Have you ever been involved in a “blue sky” brainstorming session, where teams are encouraged to put aside current constraints and dream up new innovations? In software, this is most common approach to innovation, and if done right, produces some results.
But an article by Uri Neren, founder of The World Database of Innovation initiative, announcing the complete opposite: the number one key to innovation is not the blue sky approach, but an approach involving constraint, scarcity, and closed-world thinking.
For years I worked at a UX Design agency, and one of the most common things we heard from software executives is that they want their user interface to "wow" their users. Typically, everyone says they want a design that is "clean", "sexy", "wow", "whiz-bang", and so forth. They think of User Experience Design as being all about visual eye candy and creative features.
And it makes sense. More than ever, the user experience of your product will define the success of your product in the market. No one wants an ugly solution, they want an aesthetically appealing, creative app that users will instantly fall in love with. Something that communicates to the world that your company is breaking new ground.
The only problem is - users don't care about that stuff.
Whether launching a brand new digital product or modernizing a legacy solution, the User Experience (UX) Design is what your customers will experience first and foremost. A UX Design can make or break the value of your product. A compelling design immediately taps into the emotion of your users, creating excitement and making the discovery and adoption intuitive. But a design ‘miss’ can erode so much of the investment and hard work that the team otherwise put into the product.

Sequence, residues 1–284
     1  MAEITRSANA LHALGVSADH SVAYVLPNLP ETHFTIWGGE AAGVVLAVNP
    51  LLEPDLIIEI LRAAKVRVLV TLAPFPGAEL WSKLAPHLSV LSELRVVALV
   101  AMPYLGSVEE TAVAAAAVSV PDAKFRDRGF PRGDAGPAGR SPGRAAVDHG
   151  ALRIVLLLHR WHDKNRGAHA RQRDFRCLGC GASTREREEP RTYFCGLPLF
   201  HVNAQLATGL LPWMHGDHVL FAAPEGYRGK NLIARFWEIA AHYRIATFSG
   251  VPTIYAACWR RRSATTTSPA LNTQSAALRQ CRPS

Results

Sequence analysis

Most managers are familiar with UX Design techniques, but how do you ensure you have the right people and processes to ensure design success?
As a PM, a big part of your job is show-and-tell, whether pitching a new product or feature to your internal stakeholders, to a customer, or at a trade show. Like it or not, you are the modern-age Don Draper. Give the right pitch and you’ll unlock praise (“That’s exactly what we want!”), revenue, and recognition. Do it wrong and you’ll leave everyone scratching their heads.
This article is a complete guide to pitching digital applications that win over the audience, including how to prototype the right product, position the right demo, and say the right words when you are in the room yourself.
As a CIO, if your enterprise relies on solutions that look like something out of the 1990s, it's often because that's exactly what they are. These applications - ERPs and home-grown core operations systems met an immediate business need at the time, then layer upon layer was built on top and entrenched into the foundational processes of the business. Now you are at a catch-22: pressure to modernize to meet the growing digital needs of the enterprise, while at the same time not risking the legacy software that is vital to day-to-day operations.
How do you prioritize legacy transformation as part of a digital transformation roadmap?
Build a UX design team with 3 vital skills: design research, interaction design, and visual design.
SaaS software platforms have had enormous success based on a fundamental principle: motivate users to keep coming back. Recurring usage leads to recurring revenue leads to crazy-high valuations.
In fact, most software attempts to motivate users in some way. But whether the goal is to lose weight, learn Spanish, save for retirement, or just get users to "check in" daily - long-term motivation is hard. You have to develop a habit in users that sticks.